The twelve steps in alcoholism recovery as designed by Alcoholics Anonymous (AA) have helped many alcoholics stop drinking and remain sober. The 12 steps of AA outline a recovery process that, when followed closely, is a map to sobriety. It should be noted that AA alone is not sufficient treatment for many alcoholics, but it can be part of a comprehensive treatment program.
These twelve steps in alcoholism recovery are designed to be practiced in the company of other people. That’s why there are twelve step support groups. Members join together to discuss the steps, share experiences, and support and encourage each other.
These are self-help groups, meaning that they are conducted by alcoholics themselves rather than being facilitated by a professional.
The 12 steps of AA are as follows:
Following the twelve steps in alcoholism recovery in order is important. Each step builds upon the one before it. Members are also encouraged to find a mentor, or sponsor, to advise and encourage them as they work the steps.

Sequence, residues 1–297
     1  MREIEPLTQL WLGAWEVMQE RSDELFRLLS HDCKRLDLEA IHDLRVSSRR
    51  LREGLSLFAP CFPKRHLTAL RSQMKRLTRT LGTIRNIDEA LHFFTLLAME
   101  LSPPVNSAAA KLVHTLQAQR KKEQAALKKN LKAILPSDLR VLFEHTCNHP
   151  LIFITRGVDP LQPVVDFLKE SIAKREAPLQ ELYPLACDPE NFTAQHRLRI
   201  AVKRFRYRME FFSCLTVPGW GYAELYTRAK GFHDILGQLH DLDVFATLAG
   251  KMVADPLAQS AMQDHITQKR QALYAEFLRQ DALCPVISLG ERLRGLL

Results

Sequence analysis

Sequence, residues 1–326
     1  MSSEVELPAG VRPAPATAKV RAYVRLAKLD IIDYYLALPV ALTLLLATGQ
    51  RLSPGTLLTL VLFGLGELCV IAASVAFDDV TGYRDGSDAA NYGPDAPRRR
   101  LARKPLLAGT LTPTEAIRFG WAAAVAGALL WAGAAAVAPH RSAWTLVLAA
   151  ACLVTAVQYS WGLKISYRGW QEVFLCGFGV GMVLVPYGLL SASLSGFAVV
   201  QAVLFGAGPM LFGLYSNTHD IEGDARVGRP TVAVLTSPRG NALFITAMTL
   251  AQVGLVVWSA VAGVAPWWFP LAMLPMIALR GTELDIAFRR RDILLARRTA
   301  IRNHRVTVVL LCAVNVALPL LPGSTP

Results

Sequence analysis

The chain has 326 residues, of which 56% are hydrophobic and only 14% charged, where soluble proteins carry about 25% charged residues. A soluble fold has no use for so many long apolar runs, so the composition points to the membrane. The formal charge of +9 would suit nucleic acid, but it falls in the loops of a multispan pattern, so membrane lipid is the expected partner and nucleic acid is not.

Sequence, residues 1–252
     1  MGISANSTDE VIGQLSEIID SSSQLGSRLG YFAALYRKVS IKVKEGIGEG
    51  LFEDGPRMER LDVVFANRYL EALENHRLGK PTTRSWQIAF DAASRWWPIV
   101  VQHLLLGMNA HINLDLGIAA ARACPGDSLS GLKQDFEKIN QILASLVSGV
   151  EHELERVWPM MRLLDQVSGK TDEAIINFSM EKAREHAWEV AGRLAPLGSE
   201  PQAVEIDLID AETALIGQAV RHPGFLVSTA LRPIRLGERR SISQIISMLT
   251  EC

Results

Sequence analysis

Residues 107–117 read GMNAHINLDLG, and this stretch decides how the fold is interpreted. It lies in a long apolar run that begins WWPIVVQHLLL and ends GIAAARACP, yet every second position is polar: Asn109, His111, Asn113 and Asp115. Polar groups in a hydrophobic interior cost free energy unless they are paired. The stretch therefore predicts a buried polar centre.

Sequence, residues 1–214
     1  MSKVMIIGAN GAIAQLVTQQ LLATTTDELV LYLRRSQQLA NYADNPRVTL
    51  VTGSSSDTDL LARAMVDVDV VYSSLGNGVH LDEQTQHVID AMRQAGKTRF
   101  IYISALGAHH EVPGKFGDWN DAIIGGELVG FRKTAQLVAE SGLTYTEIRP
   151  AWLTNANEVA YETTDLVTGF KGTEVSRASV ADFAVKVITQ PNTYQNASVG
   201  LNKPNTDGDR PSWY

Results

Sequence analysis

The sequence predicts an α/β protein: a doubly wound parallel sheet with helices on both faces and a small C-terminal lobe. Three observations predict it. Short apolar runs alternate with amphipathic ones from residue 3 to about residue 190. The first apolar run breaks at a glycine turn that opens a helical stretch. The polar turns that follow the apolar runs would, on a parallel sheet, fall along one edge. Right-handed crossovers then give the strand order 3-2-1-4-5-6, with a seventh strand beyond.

The 12 steps of AA are not the only recovery program available. The 12 steps of AA are very popular, probably the most popular program worldwide, but other programs are available and may in some cases be more helpful.
Smart Recovery (Self Management and Recovery Training) views alcoholism as a maladaptive behavior rather than a disease. They offer a four-point program to maintain motivation to stay sober, cope with urges, problem-solve, and live a balanced lifestyle. This program does not carry the religious overtones of AA and may be preferable to some.
Women for Sobriety is a program to help women deal with alcoholism. It consists of thirteen steps. Some believe it is a more useful program for women than the 12 steps of AA, because it does not require one to believe they are powerless over anything. Women in our society often feel powerless anyway, and a treatment program that compounds that belief may be harmful.
There are many other programs besides these from which to choose if you prefer to engage in something other than the twelve steps in alcoholism recovery. You might want to talk with an alcohol treatment counselor about the best program for you.